Rich Nordic Investors Plow Record Cash Piles Into Tiny Firms

Nordic retail investors have found a new place to put their money, after years of ultra-low interest rates left them holding a lot more cash.

Record amounts of money have poured into the smallest companies listed on Nordic exchanges, according to data provided by Nasdaq. Bjorn Sibbern, head of European markets at Nasdaq, says the trend marks a departure from the last financial crisis, when retail investors flocked to the biggest, best known firms.

“What we have seen now is very good liquidity in both large caps and SMEs,” Sibbern said. “Even better liquidity, in fact, than during the financial crisis.”

“We’ll continue to see relatively high liquidity in small caps, also the rest of the year,” he said. That “was not the case during the financial crisis.”

The development is visible in data tracking turnover for the Nordic exchanges, which in June was about 30-40% higher in Copenhagen, Stockholm, Finland and Iceland than normal. In the immediate wake of the coronavirus pandemic, volumes on the exchanges peaked at double the usual level. Nasdaq even had to extend its customer support opening hours to accommodate the increase.

Nasdaq says that in recent months activity was highest in small and mid-sized companies. Volumes, measured by the number of trades, rose about 63% in the six months through June, it said. That’s about 10 percentage points higher than trading in larger firms.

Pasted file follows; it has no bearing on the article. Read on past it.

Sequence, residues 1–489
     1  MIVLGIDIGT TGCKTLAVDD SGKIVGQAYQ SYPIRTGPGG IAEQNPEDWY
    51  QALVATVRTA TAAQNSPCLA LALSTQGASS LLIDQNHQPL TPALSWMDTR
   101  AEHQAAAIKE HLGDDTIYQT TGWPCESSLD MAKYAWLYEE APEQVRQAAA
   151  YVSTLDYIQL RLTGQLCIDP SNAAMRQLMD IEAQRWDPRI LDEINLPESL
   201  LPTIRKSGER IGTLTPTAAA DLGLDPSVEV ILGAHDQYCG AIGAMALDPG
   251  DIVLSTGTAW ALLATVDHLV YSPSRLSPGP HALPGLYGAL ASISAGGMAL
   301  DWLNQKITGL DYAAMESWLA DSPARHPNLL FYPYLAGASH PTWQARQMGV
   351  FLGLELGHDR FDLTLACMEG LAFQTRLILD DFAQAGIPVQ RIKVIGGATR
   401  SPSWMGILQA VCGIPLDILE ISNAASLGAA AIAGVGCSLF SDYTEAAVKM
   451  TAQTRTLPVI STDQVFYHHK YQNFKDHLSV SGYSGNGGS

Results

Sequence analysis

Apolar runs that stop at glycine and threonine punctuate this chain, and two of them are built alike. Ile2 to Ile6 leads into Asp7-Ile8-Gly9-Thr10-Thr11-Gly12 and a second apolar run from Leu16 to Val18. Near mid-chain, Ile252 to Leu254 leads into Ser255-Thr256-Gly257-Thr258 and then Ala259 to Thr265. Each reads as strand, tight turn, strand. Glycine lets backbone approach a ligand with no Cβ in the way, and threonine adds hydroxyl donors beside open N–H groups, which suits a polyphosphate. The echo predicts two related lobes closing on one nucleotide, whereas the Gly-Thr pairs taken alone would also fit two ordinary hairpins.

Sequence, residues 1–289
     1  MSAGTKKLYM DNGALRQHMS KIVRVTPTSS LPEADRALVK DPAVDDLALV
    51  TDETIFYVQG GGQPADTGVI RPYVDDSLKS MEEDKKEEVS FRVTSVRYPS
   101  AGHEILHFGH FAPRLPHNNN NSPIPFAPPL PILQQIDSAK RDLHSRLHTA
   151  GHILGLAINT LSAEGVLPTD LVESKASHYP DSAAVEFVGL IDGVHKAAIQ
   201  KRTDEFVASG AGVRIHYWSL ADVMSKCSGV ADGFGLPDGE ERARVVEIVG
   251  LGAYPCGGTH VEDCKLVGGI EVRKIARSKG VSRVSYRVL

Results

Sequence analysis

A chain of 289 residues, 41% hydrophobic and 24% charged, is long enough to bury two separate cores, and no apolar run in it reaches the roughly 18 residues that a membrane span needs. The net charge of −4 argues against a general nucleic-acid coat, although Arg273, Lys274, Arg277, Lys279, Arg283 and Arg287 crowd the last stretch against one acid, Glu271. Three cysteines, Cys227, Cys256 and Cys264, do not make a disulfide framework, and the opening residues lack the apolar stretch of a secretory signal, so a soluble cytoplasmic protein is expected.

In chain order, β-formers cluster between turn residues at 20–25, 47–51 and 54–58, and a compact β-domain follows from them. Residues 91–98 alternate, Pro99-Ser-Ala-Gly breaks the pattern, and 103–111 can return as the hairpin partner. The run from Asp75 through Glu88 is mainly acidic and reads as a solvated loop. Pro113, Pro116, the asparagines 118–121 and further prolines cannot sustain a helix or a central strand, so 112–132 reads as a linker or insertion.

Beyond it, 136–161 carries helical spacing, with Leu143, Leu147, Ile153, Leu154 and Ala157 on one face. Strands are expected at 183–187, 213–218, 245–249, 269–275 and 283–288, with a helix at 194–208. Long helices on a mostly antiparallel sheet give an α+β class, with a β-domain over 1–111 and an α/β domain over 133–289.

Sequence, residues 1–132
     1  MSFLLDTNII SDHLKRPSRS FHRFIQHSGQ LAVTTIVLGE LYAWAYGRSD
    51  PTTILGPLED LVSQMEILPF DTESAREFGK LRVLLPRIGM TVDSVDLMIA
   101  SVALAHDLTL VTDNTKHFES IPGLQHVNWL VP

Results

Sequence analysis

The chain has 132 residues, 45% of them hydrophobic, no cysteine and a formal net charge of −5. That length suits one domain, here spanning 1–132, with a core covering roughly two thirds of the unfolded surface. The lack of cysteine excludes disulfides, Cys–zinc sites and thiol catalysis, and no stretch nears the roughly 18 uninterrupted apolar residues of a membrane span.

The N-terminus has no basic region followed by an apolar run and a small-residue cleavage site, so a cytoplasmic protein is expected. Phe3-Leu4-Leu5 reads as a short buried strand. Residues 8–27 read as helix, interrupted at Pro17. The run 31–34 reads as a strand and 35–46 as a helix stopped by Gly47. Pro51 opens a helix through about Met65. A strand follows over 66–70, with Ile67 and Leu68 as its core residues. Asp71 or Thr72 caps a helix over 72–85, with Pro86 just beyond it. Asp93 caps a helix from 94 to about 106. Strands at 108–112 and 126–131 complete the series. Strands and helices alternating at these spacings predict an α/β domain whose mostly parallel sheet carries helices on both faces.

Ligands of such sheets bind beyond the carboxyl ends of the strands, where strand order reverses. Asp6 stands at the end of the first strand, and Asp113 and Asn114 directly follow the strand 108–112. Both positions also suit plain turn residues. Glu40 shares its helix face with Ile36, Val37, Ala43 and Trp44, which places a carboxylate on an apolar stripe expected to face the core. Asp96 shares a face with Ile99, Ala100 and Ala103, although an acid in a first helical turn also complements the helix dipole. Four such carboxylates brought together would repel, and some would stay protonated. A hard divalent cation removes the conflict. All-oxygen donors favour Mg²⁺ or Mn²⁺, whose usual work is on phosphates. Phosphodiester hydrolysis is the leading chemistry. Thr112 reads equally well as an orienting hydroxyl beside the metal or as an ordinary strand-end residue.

Sibbern says Nasdaq doesn’t expect turnover levels to return to normal until the fourth quarter, though that depends a lot on how volatile things get, and how the pandemic plays out.

Ironically, investment in Nordic small caps has soared despite a decline in research. Market rules adopted a few years ago to improve investor protections required research to be priced separately from trading.

But since the Markets in Financial Instruments Directive (MiFID II) was introduced in 2018, there’s evidence it’s led to less analysis of smaller stocks. Authorities are now debating potentially revisiting the rules.

“We need to have analysts looking at small-cap companies,” Sibbern said. “We’ve seen that there are now fewer analysts covering these companies.”

©2020 Bloomberg L.P.

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